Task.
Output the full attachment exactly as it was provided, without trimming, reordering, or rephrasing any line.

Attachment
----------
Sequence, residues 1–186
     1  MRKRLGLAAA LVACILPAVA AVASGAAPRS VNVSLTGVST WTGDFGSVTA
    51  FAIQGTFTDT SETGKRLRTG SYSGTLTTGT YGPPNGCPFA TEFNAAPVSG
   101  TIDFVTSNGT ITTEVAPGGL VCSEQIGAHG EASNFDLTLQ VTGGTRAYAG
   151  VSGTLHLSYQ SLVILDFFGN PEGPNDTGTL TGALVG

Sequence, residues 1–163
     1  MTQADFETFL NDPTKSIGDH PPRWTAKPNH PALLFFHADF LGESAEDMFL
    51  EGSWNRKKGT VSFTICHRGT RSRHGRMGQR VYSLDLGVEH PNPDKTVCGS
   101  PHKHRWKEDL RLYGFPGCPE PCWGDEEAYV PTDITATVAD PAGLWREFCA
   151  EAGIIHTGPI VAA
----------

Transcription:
Sequence, residues 1–186
     1  MRKRLGLAAA LVACILPAVA AVASGAAPRS VNVSLTGVST WTGDFGSVTA
    51  FAIQGTFTDT SETGKRLRTG SYSGTLTTGT YGPPNGCPFA TEFNAAPVSG
   101  TIDFVTSNGT ITTEVAPGGL VCSEQIGAHG EASNFDLTLQ VTGGTRAYAG
   151  VSGTLHLSYQ SLVILDFFGN PEGPNDTGTL TGALVG

Sequence, residues 1–163
     1  MTQADFETFL NDPTKSIGDH PPRWTAKPNH PALLFFHADF LGESAEDMFL
    51  EGSWNRKKGT VSFTICHRGT RSRHGRMGQR VYSLDLGVEH PNPDKTVCGS
   101  PHKHRWKEDL RLYGFPGCPE PCWGDEEAYV PTDITATVAD PAGLWREFCA
   151  EAGIIHTGPI VAA